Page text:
News | Monday, 11th March 2019

Young researcher is finalist in Parliamentary STEM poster competition

PhD student Laila Patinglag investigates if plasma can improve water treatment

PhD student Laila Patinglag is a finalist in the Engineering category of the national STEM For BRITAIN poster contest
PhD student Laila Patinglag is a finalist in the Engineering category of the national STEM For BRITAIN poster contest

A young researcher investigating if plasma could improve water treatment is a finalist in a competition for outstanding up-and-coming scientists in science, technology, engineering and mathematics (STEM).

PhD student Laila Patinglag is one of the 46 finalists in the engineering category of the national STEM For BRITAIN contest, held at the Houses of Parliament, for which early stage or early career researchers had to design a poster explaining their research.

Patinglag investigates whether plasma – the fourth state of matter and essentially ionised gas – that has been artificially created in the laboratory can be used to improve the way we treat waste water.

She is specifically looking at how it could be harnessed on a micro-fluvial scale: having minute droplets of water that run in channels only 1/6th of an inch wide pass by a cavity of plasma generated with electrodes.

Plasma treatment

The 25-year-old said: “At the moment there is limited application for water treatment.

“We’re trying to create plasma and, as a proof of concept, see how plasma can be applied to water treatment in comparison to the techniques we currently use.

“Most of the conventional methods we use are not perfect in terms of removing most of the contaminants that are in the water.”

The way contaminated water is presently filtered and treated to remove waste particles can potentially leave micro-pollutants behind.

Companies are also looking at ways to solve the challenge of water-borne bacteria and chemicals that are resistant to the chemicals used in the cleaning process.

PhD student Laila Patinglag in the lab
PhD student Laila Patinglag in the lab

Patinglag said: “In water treatment plants they could use plasma as an additional barrier in treating water.

“The microfluidic device could be portable in some sense and that’s what makes it attractive.

“You can make plasma from air and the only by-products are carbon dioxide and water and that makes it even more attractive.”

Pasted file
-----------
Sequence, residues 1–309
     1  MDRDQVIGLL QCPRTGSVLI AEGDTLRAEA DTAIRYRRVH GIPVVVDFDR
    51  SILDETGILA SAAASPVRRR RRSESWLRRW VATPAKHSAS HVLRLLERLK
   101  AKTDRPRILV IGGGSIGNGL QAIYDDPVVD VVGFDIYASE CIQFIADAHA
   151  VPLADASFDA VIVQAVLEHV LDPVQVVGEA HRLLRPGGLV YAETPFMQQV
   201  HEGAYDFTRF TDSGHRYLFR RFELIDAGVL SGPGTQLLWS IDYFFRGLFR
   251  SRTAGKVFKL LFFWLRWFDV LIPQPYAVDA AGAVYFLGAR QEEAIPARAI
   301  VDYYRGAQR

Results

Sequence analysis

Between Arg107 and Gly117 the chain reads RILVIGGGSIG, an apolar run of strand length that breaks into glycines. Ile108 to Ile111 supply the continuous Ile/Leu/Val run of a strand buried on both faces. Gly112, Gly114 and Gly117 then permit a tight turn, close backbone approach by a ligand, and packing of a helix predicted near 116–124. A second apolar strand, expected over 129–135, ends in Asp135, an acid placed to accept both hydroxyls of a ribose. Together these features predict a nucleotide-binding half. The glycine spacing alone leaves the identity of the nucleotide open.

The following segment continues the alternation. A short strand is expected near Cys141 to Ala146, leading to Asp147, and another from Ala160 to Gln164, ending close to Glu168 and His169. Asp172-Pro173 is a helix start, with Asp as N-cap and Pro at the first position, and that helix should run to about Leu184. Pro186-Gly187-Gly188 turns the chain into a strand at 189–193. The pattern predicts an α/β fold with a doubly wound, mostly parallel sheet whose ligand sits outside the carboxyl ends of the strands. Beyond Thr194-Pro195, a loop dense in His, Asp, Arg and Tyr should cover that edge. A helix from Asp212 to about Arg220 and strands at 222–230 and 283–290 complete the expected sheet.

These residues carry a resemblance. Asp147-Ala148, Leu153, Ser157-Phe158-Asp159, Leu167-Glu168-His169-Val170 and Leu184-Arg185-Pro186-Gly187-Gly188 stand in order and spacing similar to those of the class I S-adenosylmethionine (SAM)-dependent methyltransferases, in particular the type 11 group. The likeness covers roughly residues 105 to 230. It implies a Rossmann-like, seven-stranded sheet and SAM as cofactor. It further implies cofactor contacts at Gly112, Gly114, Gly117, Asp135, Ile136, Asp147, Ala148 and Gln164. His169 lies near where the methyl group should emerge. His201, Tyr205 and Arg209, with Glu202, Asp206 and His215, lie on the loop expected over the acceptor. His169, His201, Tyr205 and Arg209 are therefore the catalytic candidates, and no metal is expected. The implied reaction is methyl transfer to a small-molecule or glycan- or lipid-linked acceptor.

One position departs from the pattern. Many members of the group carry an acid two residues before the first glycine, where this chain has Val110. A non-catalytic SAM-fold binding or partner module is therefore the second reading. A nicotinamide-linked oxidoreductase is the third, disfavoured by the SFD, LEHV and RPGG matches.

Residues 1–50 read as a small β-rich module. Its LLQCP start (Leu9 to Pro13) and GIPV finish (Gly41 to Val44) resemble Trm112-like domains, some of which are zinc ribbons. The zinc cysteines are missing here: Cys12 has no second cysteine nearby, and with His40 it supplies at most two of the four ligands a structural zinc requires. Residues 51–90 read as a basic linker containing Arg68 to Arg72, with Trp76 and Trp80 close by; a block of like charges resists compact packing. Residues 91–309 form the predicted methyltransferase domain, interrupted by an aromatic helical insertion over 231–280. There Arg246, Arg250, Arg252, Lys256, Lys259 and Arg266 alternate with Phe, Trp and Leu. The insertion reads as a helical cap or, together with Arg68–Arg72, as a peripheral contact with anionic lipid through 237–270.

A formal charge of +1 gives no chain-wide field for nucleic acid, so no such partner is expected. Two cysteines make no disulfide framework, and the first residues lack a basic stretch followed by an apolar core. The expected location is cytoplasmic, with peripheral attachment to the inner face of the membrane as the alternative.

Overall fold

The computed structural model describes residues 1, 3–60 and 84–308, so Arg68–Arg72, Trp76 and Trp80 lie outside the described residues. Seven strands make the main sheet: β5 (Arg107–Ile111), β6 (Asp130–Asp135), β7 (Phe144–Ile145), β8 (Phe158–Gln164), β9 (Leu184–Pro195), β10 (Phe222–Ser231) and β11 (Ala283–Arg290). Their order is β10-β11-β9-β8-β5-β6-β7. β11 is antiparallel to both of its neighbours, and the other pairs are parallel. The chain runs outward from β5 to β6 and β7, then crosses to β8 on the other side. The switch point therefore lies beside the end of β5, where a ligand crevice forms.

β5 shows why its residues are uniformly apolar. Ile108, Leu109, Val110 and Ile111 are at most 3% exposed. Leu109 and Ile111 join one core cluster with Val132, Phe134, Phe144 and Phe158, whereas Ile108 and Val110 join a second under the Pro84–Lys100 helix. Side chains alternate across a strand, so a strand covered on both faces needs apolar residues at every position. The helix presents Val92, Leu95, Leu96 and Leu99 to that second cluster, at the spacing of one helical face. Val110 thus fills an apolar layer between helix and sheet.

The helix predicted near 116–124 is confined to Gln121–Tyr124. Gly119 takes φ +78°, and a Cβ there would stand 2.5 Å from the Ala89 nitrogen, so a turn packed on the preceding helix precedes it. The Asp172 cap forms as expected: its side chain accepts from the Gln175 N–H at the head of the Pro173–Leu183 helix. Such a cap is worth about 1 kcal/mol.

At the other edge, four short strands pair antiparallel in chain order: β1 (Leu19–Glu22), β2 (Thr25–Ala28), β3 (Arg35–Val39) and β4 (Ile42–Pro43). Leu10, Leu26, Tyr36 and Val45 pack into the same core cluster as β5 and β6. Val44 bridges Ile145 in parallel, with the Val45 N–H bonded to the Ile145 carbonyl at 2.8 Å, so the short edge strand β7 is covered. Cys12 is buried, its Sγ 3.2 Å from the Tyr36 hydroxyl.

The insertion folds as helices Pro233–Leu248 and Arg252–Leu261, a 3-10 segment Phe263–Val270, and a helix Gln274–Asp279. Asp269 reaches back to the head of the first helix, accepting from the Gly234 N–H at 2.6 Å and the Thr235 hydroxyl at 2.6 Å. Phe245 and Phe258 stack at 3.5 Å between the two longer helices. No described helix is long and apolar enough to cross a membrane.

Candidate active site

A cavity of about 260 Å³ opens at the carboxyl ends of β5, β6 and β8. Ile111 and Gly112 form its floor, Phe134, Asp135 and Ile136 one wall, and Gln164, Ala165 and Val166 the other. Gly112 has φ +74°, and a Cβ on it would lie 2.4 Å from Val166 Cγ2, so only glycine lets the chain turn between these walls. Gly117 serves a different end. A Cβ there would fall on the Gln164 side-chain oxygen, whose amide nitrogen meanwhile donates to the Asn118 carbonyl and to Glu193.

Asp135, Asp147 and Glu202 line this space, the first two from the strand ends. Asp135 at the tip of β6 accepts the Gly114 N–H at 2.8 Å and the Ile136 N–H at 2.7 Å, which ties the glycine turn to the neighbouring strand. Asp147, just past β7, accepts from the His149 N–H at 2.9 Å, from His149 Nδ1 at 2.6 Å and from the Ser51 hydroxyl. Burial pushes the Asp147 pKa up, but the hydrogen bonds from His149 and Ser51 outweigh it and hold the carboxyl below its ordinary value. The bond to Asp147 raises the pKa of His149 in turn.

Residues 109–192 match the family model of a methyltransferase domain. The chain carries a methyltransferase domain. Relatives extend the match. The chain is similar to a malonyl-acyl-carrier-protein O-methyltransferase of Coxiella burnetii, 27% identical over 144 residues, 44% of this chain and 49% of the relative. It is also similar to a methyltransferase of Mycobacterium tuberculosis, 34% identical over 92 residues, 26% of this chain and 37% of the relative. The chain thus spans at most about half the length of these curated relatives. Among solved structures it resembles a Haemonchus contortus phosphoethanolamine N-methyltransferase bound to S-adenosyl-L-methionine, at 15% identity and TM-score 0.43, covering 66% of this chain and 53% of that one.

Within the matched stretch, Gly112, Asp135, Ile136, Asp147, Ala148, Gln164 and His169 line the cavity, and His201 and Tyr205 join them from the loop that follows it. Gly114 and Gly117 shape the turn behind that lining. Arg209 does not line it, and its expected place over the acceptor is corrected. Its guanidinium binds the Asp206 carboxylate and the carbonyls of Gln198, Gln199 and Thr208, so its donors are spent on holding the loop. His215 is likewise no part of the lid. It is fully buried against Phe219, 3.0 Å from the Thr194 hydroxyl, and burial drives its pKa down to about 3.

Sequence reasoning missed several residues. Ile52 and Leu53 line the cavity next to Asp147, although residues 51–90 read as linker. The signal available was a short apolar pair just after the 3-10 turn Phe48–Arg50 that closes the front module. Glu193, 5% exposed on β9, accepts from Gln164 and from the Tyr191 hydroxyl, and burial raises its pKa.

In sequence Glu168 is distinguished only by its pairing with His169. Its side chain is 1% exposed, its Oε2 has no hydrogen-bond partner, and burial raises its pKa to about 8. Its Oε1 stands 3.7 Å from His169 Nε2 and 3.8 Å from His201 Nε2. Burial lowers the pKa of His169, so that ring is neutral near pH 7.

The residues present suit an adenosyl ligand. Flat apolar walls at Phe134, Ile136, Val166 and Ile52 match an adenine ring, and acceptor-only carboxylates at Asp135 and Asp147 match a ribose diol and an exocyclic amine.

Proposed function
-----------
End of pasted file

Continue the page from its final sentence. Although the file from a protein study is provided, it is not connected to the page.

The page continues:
“We’re getting very good results in terms of chemical testing and microbiological water that has been treated with our plasma.

“We need to think about how to scale up the reactors.”


Patinglag, who moved from the Philippines to settle in Leeds with her family as a teenager, studied pharmaceutical science at the University of Hull before being enticed to Manchester Metropolitan, where is she in her third and final year.

The said: “I met my current supervisor through my network in Hull.

“I really liked the look of the working ethic and I read papers from the University – and they were high class.”

Patinglag added: “I wouldn’t get the same support elsewhere. I’m fully funded by a scholarship provided by the University.”

One of Patinglag's plasma reactors with tiny channels for water droplets just 1/6th of an inch wide
One of Patinglag's plasma reactors with tiny channels for water droplets just 1/6th of an inch wide


Her poster will be exhibited alongside the others at a one-day exhibition being held at the Houses of Parliament on March 13 when she will have the opportunity to explain and discuss her experiments with expert judges, MPs and peers.

Patinglag said: “It’s interesting because you’re interacting with politicians. It’s a very different environment to the one I was exposed to or normally focus on.

“It’s going to test my communication skills but I know it’s going to be a fun day.”

In total, 180 early stage or early career researchers are finalists across the competition's four categories.

Patinglag follows in the footsteps of Lauren McNeill, who won two STEM For BRITAIN prizes in 2016 for her research on developing a device for the rapid and cost-effective detection of the New Psychoactive Substance (NPS) mephedrone.

The competition is run by the Parliamentary and Scientific Committee and its chairman, Stephen Metcalfe MP, said: “This annual competition is an important date in the parliamentary calendar because it gives MPs an opportunity to speak to a wide range of the country’s best young researchers.

“These early career engineers, mathematicians and scientists are the architects of our future and STEM for BRITAIN is politicians’ best opportunity to meet them and understand their work.”

The Parliamentary and Scientific Committee runs the event in collaboration with the Royal Academy of Engineering, the Royal Society of Chemistry, the Institute of Physics, the Royal Society of Biology, The Physiological Society and the Council for the Mathematical Sciences, with financial support from the Clay Mathematics Institute, United Kingdom Research and Innovation, Warwick Manufacturing Group, Society of Chemical Industry, the Nutrition Society, Institute of Biomedical Science, the Heilbronn Institute for Mathematical Research and the Comino Foundation.

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